... or 'A beginner's guide to growing ferns from spores'...
We decided to go to the RHS Tatton Park Flower Show again this year, for the third time, and were not disappointed. It was blisteringly hot, but well worth the effort involved, as there was lots to see and do, and also lots of opportunities to engage in conversation with people who breathe, eat and sleep plants.
The Floral Tent was particularly good for the soul. Standing in front of a spectacular display of lilies, I wanted to sear that moment onto my eyeballs, to be recalled on a drear, grey day in November.
My favourite marquee, however, is always the 'Plant Societies' one, as it collects together some of the most passionate, knowledgable people in the country, and then allows you to ask them endless questions ... and they love it ! In some cases I think passion verges on obsession, but, there is nothing wrong with that, as obsession and gardening go happily hand in hand.
We were wandering around when we came across the 'British Pteridological Society' stand, where there were several very helpful and enthusiastic people ready and able to assist. They do a fantastic thing on that stall, they sell tiny little envelopes of varieties of fern spores, for only £1.00 .
There is also a free leaflet which details step by step growing instructions, with photographs too ! It is very clear and concise and set out in a way which is easy to follow, and should enable the growing of proper big ferns from tiny spores !
I took advice on which were the easiest varieties to grow, and decided on 'Braun's Shield Fern' (Polystichum Braunii) and Dickins's Wood Fern (Dryopteris Dickinsii) as someone on the stall had grown them recently with great success.
When I got back from Tatton this time, I read my new Instruction leaflet, only to discover that the spores grow into prothalli which, erm, look like lumpy bits of moss. They are part of the life cycle of the fern. I assume I did not take the trouble to read my initial leaflet properly and because of this I discarded the immature ferns, which can linger for up to a year in that state before they put out fronds. Who would have thought it!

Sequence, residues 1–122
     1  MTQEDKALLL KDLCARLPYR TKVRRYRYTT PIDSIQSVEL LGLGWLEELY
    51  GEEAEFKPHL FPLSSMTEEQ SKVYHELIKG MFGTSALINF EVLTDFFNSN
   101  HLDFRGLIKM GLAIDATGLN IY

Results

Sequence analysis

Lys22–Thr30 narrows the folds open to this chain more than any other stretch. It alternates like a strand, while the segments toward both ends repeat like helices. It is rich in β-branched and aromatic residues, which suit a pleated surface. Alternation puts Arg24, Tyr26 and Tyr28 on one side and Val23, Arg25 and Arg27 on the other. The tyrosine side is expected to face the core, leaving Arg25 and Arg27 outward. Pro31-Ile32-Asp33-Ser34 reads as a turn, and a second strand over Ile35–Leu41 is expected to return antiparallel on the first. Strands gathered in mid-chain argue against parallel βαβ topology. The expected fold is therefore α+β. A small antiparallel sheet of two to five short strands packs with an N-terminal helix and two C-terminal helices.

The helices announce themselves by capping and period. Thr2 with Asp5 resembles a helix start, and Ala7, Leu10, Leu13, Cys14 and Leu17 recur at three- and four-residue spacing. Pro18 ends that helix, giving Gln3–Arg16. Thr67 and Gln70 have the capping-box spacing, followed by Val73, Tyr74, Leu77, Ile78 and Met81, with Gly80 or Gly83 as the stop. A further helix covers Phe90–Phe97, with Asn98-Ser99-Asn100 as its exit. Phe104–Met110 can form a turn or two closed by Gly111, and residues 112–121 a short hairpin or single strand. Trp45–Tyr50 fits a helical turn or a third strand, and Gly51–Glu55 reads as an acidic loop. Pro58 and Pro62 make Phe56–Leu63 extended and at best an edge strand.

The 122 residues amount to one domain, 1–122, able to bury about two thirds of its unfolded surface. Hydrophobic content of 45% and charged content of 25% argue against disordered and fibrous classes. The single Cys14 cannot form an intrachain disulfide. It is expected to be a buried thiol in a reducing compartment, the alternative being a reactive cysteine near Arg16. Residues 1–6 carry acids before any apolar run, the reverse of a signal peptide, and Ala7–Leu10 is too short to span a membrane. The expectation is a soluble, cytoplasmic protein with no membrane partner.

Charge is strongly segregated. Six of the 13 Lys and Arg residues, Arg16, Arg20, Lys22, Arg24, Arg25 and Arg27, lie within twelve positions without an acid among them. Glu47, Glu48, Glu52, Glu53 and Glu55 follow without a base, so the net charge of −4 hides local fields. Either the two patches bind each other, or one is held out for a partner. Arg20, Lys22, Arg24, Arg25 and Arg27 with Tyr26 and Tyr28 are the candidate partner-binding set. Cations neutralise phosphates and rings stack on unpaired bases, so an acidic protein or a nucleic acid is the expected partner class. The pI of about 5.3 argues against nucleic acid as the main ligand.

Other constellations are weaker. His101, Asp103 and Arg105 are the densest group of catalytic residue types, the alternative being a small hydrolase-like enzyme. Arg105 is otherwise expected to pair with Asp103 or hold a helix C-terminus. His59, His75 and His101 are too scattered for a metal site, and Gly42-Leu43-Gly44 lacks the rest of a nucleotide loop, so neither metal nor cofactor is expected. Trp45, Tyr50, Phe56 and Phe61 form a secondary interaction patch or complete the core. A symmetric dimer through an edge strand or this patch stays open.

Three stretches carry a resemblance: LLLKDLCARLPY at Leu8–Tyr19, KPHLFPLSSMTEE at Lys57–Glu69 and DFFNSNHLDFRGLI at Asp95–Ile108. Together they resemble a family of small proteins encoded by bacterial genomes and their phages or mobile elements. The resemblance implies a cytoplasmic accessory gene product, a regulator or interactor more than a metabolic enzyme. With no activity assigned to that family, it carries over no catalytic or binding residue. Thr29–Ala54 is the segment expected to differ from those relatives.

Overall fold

So, this time I am sticking religiously to the leaflet and reading every word.
Fill 2 containers up to 1 - 3cm from the top, with a peat based compost. There must be good drainage in the container.
Weirdly, cover the surface with dry kitchen roll, to prevent contamination from weed seeds.
Sterilise the compost by pouring boiling water through it until it is all thoroughly wet.
Leave until cool - which in my experience took a surprisingly long time.
Discard the soggy kitchen roll before sowing.
CAREFULLY open the foil containing the spores and try to distribute evenly over the surface of the compost. This is a bit of a leap of faith, as you have no idea where they are as they are so tiny, and totally invisible once they are on the surface of the compost. No sneezing at this point !
Also, please excuse composty hands and nail in the photo!
Make a cosy little micro climate for the spores by putting the container in a sealed plastic bag.
Don't hold your breath ! It can be weeks, months or even over a year before germination begins.
DO NOT lose faith and throw the whole lot away!
The life cycle of a fern is not as you would expect, as the spores germinate erratically, to produce mossy like growths called prothalli. Recognisable fronds appear from these if you have the patience of Job and don't throw them away in error !
I hope there is a 'Part 2' to this post, when I can show lots of little prothalli ... watch this space ...